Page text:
For people who don’t improve with or can’t tolerate UCDA, this medicine helps bile to flow out of the liver and stops so much bile being produced. It can make people even more itchy

There are also treatments for some of the complications of PBC. Your doctor might give you medicine to treat high cholesterol, osteoporosis or portal hypertension. You will need regular liver function checks. If you start to develop liver cirrhosis, this will also need to be treated.

Eventually, the PBC can lead to liver failure. Having a liver transplant is usually very successful. Sometimes the PBC can come back, but it rarely leads to liver cirrhosis after a transplant.


Read more about liver treatments

Living with PBC

If you’ve been diagnosed with PBC, there are a few things you can do to make yourself feel better.

  • Cut down on salt. This will help with fluid retention and swelling
  • Cut down on the fat in your diet, especially if you are overweight
  • Drink plenty of water
  • Cut out alcohol
  • Don’t take any drugs that can harm the liver (including illegal drugs, alternative medicines and liver tonics)
  • Do more exercise. Walking is great. Try to do some weight training as well to protect your bones
  • De-stress if you can
  • Stop smoking
  • Look after your skin, especially if you are very itchy
  • Get your teeth checked regularly, especially if you have a dry mouth

There are things you can do to manage some of the more bothersome symptoms of PBC.


People with PBC often feel very tired. It’s not a sign of how serious the disease is – sometimes people in the early stages feel very tired while others with more advanced disease don’t feel tired at all. To treat tiredness, your doctor will talk to you about your diet, exercise and sleep. They may also test your thyroid as thyroid disease is more common in people with PBC and can also make you tired.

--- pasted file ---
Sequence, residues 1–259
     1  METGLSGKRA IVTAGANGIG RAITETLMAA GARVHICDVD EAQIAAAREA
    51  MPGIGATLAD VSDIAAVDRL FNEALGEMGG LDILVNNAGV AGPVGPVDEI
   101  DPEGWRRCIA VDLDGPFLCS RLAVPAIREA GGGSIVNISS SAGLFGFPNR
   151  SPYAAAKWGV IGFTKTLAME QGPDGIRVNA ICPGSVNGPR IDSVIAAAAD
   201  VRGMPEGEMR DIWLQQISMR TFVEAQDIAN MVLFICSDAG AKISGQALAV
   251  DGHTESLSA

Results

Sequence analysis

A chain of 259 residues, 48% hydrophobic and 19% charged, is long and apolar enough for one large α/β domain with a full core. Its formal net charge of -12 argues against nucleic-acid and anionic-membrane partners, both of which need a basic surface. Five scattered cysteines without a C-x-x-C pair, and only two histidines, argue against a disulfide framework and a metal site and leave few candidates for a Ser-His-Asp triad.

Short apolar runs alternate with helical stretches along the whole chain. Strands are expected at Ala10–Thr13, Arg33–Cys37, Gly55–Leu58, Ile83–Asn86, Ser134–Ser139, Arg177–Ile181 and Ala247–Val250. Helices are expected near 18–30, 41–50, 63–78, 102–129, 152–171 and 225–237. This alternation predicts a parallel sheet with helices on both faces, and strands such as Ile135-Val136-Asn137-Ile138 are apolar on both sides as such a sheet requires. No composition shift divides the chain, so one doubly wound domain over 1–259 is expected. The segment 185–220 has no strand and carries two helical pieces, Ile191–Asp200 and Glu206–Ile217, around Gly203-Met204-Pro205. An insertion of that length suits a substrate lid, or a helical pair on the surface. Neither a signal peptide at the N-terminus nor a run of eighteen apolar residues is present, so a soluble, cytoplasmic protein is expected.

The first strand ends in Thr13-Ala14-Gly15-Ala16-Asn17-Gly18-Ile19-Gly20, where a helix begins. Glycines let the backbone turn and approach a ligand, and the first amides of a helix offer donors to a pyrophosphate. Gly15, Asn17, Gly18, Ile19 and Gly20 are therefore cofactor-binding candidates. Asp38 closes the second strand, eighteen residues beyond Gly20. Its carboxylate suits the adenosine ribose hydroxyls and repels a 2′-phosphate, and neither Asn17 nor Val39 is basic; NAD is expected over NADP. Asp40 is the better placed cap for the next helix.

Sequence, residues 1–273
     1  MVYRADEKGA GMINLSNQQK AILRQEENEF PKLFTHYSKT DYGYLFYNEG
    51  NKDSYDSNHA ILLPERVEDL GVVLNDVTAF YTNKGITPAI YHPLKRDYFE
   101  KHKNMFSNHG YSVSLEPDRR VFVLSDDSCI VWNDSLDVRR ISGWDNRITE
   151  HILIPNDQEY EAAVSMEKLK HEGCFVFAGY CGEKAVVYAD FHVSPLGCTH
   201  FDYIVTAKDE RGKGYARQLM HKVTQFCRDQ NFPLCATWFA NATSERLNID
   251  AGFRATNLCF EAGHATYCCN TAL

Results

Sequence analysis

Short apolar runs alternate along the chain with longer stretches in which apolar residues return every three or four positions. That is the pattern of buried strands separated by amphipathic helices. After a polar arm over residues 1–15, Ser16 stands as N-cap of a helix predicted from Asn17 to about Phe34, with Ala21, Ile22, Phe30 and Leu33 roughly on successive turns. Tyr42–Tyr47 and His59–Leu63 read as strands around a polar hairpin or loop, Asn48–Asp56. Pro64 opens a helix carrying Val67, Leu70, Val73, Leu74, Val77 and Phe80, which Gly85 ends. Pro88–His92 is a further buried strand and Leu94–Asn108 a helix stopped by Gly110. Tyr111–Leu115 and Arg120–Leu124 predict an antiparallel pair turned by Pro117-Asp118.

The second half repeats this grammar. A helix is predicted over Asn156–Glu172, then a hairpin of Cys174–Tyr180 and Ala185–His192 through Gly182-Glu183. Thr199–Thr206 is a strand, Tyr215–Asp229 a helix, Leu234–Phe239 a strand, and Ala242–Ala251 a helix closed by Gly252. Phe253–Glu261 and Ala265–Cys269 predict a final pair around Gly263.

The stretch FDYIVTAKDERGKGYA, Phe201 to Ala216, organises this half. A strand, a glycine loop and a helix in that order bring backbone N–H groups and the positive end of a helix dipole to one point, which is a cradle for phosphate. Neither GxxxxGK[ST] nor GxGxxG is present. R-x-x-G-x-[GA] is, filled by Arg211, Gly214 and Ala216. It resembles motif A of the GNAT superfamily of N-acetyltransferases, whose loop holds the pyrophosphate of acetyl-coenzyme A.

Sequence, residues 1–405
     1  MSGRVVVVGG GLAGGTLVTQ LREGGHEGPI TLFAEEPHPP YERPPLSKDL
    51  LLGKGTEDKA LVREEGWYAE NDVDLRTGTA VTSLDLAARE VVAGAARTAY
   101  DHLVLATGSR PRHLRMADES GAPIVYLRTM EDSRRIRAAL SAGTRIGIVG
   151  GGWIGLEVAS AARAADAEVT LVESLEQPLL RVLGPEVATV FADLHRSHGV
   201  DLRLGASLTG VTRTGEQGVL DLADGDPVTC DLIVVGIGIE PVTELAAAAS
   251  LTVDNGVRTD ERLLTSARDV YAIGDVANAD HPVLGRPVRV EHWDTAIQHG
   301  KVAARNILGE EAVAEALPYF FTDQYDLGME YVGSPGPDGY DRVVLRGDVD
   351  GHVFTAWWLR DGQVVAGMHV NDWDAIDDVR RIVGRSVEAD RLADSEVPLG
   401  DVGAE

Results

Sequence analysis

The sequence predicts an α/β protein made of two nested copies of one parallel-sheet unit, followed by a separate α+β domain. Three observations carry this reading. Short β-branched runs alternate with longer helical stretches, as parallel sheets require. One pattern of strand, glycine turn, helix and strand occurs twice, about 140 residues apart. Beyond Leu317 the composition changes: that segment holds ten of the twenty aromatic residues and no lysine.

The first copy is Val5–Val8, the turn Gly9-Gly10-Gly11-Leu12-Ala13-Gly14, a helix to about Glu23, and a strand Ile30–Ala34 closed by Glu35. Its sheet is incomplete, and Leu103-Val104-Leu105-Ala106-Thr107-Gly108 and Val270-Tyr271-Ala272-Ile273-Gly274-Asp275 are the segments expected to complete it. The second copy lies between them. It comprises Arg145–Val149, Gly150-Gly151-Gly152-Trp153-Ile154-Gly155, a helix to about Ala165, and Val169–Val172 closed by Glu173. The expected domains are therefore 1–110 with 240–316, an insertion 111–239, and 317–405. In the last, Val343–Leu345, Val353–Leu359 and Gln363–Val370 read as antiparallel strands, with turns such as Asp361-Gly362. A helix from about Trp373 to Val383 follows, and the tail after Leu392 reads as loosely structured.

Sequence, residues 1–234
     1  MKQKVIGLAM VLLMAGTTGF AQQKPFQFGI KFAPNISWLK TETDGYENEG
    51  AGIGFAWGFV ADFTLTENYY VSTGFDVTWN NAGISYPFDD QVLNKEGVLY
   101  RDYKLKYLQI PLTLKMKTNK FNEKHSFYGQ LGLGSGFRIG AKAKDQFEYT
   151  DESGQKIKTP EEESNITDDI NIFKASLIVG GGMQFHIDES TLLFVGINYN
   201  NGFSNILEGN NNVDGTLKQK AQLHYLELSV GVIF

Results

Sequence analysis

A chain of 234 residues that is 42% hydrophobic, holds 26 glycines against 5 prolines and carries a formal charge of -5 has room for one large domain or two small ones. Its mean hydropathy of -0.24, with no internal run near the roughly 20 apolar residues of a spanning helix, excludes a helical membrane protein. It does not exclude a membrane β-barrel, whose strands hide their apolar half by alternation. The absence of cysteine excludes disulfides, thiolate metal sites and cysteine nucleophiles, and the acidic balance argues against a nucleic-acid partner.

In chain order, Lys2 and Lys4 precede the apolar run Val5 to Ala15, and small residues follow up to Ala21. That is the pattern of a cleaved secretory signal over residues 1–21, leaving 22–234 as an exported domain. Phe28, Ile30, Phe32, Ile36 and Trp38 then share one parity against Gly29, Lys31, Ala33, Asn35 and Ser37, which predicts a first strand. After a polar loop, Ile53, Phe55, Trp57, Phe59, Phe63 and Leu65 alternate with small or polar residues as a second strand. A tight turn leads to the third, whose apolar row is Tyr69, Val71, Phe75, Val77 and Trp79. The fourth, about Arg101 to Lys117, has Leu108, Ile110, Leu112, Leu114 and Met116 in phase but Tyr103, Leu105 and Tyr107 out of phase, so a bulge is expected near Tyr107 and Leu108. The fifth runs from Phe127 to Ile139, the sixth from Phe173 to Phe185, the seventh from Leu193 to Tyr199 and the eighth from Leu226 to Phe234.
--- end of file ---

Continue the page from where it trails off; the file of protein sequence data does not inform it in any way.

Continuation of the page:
There are several treatments available to help with itching. These include antihistamines, antibiotics or a medication called cholestyramine (brand name Questran Lite). If you’re itchy, try to keep your fingernails short. Avoid hot baths and showers, try to wear natural fibres and watch you don’t get too much sun.

Dry eyes and mouth

You can buy artificial tears and saliva over-the-counter from a pharmacy. Chewing gum or sucking a lolly can help.


It’s important to eat a healthy, balanced diet to improve your overall health and help your liver work properly. Because your body may have trouble absorbing some vitamins, your doctor may recommend supplements such as A, D, E and K, calcium, folic acid or iron.

Fluid retention

You may be given diuretics, medications to help your body control fluid.

More Information

There is a peer to peer support group on Facebook for people with a diagnosis of PBC where you can talk to other people living with PBC.  It is operated independently of the Liver Foundation.

The PBC Foundation in Canada has some useful resources.  Please note that these resources are created for people living in Canada, any advice about specific treatments and treatment pathways may not be relevant for the Australian context.

The PBC Foundation UK has some useful resources. Please note that these resources are created for people living in the United Kingdom, any advice about specific treatments and treatment pathways may not be relevant for the Australian context.

What next?

Read more about living well


American Liver Foundation. Primary biliary cholangitis (PBC)

Better Health Channel. Primary biliary cirrhosis

British Liver Trust. Primary Biliary Cholangitis (PBC)

French J, van der Mei I, Simpson S Jr, Ng J, Angus P, Lubel J, Nicoll A, Sood S, Roberts SK, Kemp W, Arachchi N, Dev A, Thompson A, Gow PJ. Increasing prevalence of primary biliary cholangitis in Victoria, Australia. J Gastroenterol Hepatol. 2020 Apr;35(4):673-679. doi: 10.1111/jgh.14924. Epub 2019 Dec 28. PMID: 31693755.

Hirschfield GM, Dyson JK, Alexander GJM, Chapman MH, Collier J, Hübscher S, Patanwala I, Pereira SP, Thain C, Thorburn D, Tiniakos D, Walmsley M, Webster G, Jones DEJ. The British Society of Gastroenterology/UK-PBC primary biliary cholangitis treatment and management guidelines. Gut. 2018 Sep;67(9):1568-1594. doi: 10.1136/gutjnl-2017-315259. Epub 2018 Mar 28. PMID: 29593060; PMCID: PMC6109281

Mayo Clinic. Primary biliary cholangitis

MSD Professional Manual. Primary Biliary Cholangitis (PBC)

National Institute of Diabetes and Digestive and Kidney Diseases. Health information; Liver disease; Primary Biliary Cholangitis (Primary Biliary Cirrhosis).

NORD – National Organization for Rare Disorders. Rare Disease Database; Primary Biliary Cholangitis.

Reviewed November 2022